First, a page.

With the fall in Garuda’s ticket fares, will low-cost carriers’ ticket prices also go down?
Yes. The market mechanism will apply. Like it or not, low-cost airfares must be below full-service fares.
Did you discuss with SOEs Minister Rini Soemarno before deciding to slash the TBA?
We discussed it during the coordination meeting with the coordinating minister for the economy. Ibu Rini left the matter to our discretion. So, there we were, racking our brains to think of ways to lower the TBA without causing losses to Garuda.
You also met with the business competition supervisory commission (KPPU) and Ombudsman.
What did you discuss?
I had to consult with all sides including the KPPU, Ombudsman and the Indonesian consumers foundation. Even though their opinions may not necessarily be in sync with our decision, at least we could feel their sensitivity. The average 15 percent TBA decrease may not solve the problem since some people expect more. But it was a measured decision.
Some view that you were indecisive...
It was good to discuss with many sides, but even so, that made some angry. Imagine if I consulted no one.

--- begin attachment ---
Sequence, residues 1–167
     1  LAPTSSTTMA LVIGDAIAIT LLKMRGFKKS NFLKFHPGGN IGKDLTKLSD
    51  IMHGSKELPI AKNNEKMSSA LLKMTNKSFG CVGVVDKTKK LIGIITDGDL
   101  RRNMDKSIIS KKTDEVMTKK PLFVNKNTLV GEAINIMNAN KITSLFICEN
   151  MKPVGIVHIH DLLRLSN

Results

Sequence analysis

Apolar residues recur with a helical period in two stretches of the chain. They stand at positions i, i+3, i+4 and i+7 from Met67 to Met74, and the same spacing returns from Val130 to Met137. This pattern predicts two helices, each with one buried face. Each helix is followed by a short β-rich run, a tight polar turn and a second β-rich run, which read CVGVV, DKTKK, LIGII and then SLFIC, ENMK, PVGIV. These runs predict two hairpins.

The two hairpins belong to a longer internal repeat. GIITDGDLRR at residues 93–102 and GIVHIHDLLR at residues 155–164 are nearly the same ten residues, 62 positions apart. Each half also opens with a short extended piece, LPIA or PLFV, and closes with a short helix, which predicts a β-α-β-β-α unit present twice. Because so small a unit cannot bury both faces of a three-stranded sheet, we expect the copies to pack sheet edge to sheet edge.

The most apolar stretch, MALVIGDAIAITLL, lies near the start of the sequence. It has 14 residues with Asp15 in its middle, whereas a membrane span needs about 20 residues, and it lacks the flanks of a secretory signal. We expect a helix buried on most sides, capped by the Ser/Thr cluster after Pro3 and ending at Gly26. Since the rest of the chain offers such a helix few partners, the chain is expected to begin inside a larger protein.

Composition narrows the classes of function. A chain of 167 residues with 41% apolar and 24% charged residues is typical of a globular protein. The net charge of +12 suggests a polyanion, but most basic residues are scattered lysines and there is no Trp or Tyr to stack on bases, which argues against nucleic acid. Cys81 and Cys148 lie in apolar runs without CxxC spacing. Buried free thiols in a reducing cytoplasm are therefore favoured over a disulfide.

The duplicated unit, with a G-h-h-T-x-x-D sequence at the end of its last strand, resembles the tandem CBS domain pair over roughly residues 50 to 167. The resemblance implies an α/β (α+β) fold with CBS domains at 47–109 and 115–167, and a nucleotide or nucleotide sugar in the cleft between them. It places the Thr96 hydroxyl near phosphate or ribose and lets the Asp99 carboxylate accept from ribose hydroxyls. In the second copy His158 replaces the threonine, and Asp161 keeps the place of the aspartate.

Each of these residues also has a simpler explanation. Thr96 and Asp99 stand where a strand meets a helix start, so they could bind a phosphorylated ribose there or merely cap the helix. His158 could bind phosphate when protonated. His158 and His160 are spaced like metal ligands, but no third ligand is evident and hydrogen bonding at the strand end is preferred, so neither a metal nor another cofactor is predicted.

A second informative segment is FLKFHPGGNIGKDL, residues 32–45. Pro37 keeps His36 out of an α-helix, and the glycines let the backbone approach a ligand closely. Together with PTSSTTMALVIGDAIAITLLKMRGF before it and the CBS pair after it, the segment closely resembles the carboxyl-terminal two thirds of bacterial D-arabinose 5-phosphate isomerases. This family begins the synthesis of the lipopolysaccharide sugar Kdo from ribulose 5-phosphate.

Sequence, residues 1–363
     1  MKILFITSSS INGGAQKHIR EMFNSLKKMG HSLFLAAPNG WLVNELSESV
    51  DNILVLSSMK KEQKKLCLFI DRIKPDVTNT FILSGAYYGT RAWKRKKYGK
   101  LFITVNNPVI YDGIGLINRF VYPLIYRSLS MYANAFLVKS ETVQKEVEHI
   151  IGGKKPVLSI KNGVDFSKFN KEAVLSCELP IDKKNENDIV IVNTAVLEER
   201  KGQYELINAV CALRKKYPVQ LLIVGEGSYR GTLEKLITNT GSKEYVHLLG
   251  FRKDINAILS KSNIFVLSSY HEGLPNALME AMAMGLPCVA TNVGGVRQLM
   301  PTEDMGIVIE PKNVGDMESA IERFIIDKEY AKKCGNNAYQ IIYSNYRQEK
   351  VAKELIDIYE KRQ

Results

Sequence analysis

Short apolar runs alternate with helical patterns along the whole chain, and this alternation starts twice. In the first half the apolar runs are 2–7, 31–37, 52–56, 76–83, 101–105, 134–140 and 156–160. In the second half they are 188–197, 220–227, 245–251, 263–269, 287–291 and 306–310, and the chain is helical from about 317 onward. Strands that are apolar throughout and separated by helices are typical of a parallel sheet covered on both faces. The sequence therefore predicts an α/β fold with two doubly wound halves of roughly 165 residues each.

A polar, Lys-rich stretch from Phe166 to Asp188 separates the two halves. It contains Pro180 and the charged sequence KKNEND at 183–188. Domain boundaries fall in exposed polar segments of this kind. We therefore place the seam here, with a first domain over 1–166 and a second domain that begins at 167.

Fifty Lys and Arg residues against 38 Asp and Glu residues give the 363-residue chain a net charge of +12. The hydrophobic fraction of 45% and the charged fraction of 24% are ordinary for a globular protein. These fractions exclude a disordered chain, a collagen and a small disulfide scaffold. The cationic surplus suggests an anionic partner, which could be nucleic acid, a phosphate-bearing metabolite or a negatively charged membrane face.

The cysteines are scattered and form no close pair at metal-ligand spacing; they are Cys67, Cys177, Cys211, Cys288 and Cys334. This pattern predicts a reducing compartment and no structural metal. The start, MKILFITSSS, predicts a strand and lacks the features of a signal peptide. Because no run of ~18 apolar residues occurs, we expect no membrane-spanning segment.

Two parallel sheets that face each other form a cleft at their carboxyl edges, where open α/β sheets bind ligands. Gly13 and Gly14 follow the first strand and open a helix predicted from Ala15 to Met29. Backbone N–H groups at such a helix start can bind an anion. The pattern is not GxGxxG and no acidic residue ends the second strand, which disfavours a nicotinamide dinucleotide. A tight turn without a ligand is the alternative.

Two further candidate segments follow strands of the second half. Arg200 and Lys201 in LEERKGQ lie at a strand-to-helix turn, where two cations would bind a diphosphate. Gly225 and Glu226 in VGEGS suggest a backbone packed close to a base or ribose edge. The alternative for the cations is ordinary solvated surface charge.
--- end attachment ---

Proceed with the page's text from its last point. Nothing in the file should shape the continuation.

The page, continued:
Is there any chance of lowering the TBA again?
Let’s not. Please pity the airlines. If the cut goes below 30 percent, it’s over.
Will the airlines resort to the loss leader strategy?
Yes. In case of losses, the first component to be affected is maintenance. Monthly maintenance will become bimonthly maintenance. The second component would be working hours. The usual eight hours will stretch to 10 hours. These will have impact on flight safety.
What if the airlines maintain their current prices?
Since the global airline industry does not impose the TBA and TBB rules, we must apply them with a given level of maturity. The airlines requested time to replace their reservation system and we gave them 48 hours. Sanctions for non-compliance range from warning to suspension of flight permits for given routes.
Read the full interview in Tempo English Magazine